And that's . . . not exactly an endorsement.
But there's a dirty little secret to this particular aspect of my world view. Even though I believe it, I have to admit that people DO take to certain skills more readily than to others.
I'll pause here to answer your question, "But Sam, how can you believe something while also acknowledging evidence that contradicts it?"
Answer: Because I am a crazy person.
And I suggest that you do everything possible to become crazy like me. How lifeless my mind would be if I dismissed every idea simply because of the clear evidence against it! I can't even imagine what that would be like. *shudder*
Without that ability, I certainly wouldn't have solved this "aptitude dilemma" one day while I was thinking about robots.
I'll pause here to answer your next question, "Why were you thinking about robots?"
Answer: I think about robots a lot, actually. See also: the answer to your first question.
Not only do I think about robots a lot, I've been thinking about them, and machines in general, my entire life. You might remember me talking about one of my favorite childhood books. You know what it's about? People building machines to solve problems.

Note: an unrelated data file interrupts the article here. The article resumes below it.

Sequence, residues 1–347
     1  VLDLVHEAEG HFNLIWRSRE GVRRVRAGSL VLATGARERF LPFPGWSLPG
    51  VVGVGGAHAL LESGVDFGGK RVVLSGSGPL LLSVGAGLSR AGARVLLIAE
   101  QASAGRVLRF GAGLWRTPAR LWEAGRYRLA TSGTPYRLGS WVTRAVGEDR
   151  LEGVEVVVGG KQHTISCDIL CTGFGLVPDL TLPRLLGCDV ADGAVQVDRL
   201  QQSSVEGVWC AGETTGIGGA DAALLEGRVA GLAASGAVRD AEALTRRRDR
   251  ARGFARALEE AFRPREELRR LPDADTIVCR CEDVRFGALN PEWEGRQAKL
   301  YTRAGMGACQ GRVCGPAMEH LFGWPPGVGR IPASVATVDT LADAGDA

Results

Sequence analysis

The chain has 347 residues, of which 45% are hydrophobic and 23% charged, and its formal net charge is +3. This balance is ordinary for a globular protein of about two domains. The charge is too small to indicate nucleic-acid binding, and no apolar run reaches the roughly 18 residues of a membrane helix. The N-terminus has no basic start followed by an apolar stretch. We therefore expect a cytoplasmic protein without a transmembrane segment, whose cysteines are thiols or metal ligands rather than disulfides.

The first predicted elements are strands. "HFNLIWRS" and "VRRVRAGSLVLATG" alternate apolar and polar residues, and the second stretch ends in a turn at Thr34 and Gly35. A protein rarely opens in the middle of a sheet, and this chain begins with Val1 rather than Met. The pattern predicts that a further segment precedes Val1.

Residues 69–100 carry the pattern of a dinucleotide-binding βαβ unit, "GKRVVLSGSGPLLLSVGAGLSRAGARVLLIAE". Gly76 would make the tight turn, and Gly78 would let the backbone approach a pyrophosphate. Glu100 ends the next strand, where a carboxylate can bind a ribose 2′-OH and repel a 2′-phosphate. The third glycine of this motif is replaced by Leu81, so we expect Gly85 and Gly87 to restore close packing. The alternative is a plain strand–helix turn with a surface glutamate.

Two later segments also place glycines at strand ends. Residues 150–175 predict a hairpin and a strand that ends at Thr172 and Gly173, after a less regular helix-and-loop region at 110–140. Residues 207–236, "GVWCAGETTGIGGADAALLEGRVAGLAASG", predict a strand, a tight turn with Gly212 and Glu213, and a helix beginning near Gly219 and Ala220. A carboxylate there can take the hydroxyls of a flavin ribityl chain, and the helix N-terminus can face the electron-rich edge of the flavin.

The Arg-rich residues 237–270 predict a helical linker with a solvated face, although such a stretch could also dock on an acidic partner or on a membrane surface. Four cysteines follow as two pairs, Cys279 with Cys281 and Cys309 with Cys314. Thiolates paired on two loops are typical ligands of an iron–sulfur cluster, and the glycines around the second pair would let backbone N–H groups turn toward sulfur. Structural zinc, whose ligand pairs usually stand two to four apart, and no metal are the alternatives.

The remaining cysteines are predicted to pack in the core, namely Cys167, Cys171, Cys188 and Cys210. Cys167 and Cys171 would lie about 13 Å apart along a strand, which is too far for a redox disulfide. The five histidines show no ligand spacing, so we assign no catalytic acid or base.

And then there's one of the earliest Christmas presents I remember.
And then there's the piggy bank I had.
Oh, and I was also big into Lego, a toy that is about building stuff. And I didn't just like any Lego's, I liked Space Lego's.* The ones that had the most to do with technology.
So now let me ask you something. Do I have an aptitude for machines? Do I "just get" computers?
Or is it that, when the time came to start using technology seriously, all those years of thinking about and tinkering with machines came to my aid? Because if that's the case, then what the world sees as "aptitude" is really my personality, my interests, and the mark they've made on my mind.
*Yes, I had the monorail. And yes, it WAS awesome.